On his return home, Dr Hardy found his mother seated at her knitting beside the fire, for one was always lit for her in the evening, summer or winter. He sat down beside her, but he did not much respond to her cheery chatter. He rose to retire before she did, and gave her his usual good-night without adding another word. But when she went to her own room, she found a slip of paper on her toilet table.
"Dearie me!" she cried, fumbling for her spectacles, "this is an old trick of his. This is what he always did when he wanted a new cricket set, or leave to go botanising! He has not done it since those days, and what can he want now, that he can't get without my leave? What does it say?"
"Dear mother," she read, " I am engaged to marry Miss Lydia Ray. I am sure she is a good woman, and I hope she will make you a kind daughter. - Your loving son, Edward."
The old lady took off her spectacles and sat down. She had often 1ooked forward to this occasion, and all the possible circumstances she had foreseen had been different from the reality - except one condition, which, as it rested with herself, was in her own hands. This was, that her first duty would be to remember that Edward must marry to please himself and that she must look at his wife through his eyes.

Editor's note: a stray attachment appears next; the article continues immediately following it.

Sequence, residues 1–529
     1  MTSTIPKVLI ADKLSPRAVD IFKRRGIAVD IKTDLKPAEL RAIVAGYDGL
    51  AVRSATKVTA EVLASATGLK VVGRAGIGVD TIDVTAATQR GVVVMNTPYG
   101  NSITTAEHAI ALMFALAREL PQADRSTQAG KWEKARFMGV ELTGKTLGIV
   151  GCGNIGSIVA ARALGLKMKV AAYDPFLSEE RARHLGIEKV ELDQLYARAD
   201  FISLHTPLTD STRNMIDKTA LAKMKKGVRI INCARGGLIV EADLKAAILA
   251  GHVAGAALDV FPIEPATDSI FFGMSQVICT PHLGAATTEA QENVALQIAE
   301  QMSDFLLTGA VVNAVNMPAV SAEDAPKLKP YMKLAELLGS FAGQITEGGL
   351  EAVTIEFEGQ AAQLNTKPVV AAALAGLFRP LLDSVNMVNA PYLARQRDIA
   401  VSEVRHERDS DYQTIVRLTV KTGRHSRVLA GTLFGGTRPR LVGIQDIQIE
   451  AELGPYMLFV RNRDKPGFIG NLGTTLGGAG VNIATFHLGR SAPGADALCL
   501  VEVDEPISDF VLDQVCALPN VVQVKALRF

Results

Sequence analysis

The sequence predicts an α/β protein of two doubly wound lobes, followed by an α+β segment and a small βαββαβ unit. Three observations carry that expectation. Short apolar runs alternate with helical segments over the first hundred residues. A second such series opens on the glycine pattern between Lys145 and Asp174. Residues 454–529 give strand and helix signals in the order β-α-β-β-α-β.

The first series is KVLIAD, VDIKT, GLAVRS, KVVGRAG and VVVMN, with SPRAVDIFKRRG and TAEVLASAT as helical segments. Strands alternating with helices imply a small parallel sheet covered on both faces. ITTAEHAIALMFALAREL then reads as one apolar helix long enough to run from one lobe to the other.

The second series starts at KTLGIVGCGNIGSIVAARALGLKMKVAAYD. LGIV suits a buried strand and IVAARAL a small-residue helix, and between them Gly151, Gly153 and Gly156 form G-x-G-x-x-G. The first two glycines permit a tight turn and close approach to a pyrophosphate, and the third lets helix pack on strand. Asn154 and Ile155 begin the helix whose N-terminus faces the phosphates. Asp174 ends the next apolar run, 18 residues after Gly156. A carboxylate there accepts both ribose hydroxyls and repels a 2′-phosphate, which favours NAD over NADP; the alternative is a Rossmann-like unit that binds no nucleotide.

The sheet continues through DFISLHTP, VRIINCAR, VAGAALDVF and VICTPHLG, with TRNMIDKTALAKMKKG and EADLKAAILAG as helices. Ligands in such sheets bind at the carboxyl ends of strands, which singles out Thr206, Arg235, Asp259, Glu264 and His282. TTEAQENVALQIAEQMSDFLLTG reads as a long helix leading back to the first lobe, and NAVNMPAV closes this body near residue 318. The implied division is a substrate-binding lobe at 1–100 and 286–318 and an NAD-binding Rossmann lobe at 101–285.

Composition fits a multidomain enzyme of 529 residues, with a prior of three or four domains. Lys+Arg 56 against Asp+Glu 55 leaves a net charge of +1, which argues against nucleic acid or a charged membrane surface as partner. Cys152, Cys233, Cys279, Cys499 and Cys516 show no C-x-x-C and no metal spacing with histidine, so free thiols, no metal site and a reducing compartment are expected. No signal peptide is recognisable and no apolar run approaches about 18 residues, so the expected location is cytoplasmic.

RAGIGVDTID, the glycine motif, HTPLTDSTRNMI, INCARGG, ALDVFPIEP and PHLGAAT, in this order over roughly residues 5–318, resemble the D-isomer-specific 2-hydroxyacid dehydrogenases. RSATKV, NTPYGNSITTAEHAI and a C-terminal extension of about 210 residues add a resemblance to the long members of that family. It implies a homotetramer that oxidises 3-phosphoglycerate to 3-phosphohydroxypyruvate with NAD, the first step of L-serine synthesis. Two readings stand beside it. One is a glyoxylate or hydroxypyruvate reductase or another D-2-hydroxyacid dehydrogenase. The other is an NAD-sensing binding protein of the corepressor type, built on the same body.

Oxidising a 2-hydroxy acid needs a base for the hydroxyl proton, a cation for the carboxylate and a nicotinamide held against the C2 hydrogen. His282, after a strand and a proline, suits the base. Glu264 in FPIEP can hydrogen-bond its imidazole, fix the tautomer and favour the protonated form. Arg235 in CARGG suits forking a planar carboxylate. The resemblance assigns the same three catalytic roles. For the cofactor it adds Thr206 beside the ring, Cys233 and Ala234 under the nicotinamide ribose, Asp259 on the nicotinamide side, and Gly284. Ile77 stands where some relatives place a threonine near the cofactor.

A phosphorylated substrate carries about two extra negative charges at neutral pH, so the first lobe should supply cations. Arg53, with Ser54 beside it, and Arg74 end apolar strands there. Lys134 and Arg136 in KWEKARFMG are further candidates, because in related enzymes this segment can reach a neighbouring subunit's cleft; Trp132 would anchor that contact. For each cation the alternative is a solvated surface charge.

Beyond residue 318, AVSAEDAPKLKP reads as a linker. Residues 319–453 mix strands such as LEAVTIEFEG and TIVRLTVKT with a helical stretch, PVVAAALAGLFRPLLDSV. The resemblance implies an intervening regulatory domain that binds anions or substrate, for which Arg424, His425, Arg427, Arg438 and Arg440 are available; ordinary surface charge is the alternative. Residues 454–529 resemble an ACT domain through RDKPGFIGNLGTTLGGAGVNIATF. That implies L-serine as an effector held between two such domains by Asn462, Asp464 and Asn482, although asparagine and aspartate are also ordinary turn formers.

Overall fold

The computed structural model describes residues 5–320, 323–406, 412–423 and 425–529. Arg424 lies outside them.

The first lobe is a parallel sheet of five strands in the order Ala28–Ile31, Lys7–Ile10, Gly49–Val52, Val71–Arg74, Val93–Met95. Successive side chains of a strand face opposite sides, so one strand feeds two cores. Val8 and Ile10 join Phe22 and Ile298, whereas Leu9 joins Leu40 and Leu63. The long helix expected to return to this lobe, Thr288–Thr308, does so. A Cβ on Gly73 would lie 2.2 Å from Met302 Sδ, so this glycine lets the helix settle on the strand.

"And, indeed," she said, with a pathetic laugh, "I've hardly got to try to do that, for it really seems as if Edward, in his choice, had looked through my eyes instead of his own. There's no denying that Lydia Ray will be a pleasanter daughter-in-law to me than ninety-nine out of a hundred. She won't want everything changed and chopped about. I have known what that loud-talking Mrs Rowe has had in her mind, when she has come here and looked about, and said, "If this was my house I should do so and so, and have such and such." Still, my boy did seem worthy of all that is sweetest and best in womankind. And why should I seem to imply that Lydia Ray is less than that? Perhaps the angels see a younger heart in her than in many a red-cheeked girl. If only - but "if" is a little word that can be slipped in in most places. And so I'll go and kiss my boy; I'll not tell him that Lydia Ray has set a trap and caught him, for that is only what I always felt I did myself with his dear father; but I'll tell him that what pleases him pleases me, and that it seems in this matter as if what pleases me pleases him."